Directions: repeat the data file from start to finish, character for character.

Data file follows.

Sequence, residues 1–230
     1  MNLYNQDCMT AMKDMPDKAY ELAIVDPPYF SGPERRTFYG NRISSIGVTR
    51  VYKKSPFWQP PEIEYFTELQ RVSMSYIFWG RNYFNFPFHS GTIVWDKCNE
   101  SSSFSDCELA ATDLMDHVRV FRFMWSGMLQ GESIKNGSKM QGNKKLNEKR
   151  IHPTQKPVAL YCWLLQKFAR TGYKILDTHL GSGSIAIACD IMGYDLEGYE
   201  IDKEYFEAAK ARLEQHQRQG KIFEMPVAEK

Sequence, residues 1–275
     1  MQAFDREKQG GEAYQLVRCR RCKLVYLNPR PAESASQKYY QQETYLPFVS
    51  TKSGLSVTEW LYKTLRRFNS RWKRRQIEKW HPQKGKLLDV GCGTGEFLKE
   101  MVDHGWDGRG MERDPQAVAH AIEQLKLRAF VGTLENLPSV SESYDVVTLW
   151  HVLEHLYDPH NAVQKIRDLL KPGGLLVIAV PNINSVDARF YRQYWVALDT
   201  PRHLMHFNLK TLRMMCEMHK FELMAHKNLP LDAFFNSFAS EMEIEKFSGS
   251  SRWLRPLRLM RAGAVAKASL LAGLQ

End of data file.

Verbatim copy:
Sequence, residues 1–230
     1  MNLYNQDCMT AMKDMPDKAY ELAIVDPPYF SGPERRTFYG NRISSIGVTR
    51  VYKKSPFWQP PEIEYFTELQ RVSMSYIFWG RNYFNFPFHS GTIVWDKCNE
   101  SSSFSDCELA ATDLMDHVRV FRFMWSGMLQ GESIKNGSKM QGNKKLNEKR
   151  IHPTQKPVAL YCWLLQKFAR TGYKILDTHL GSGSIAIACD IMGYDLEGYE
   201  IDKEYFEAAK ARLEQHQRQG KIFEMPVAEK

Sequence, residues 1–275
     1  MQAFDREKQG GEAYQLVRCR RCKLVYLNPR PAESASQKYY QQETYLPFVS
    51  TKSGLSVTEW LYKTLRRFNS RWKRRQIEKW HPQKGKLLDV GCGTGEFLKE
   101  MVDHGWDGRG MERDPQAVAH AIEQLKLRAF VGTLENLPSV SESYDVVTLW
   151  HVLEHLYDPH NAVQKIRDLL KPGGLLVIAV PNINSVDARF YRQYWVALDT
   201  PRHLMHFNLK TLRMMCEMHK FELMAHKNLP LDAFFNSFAS EMEIEKFSGS
   251  SRWLRPLRLM RAGAVAKASL LAGLQ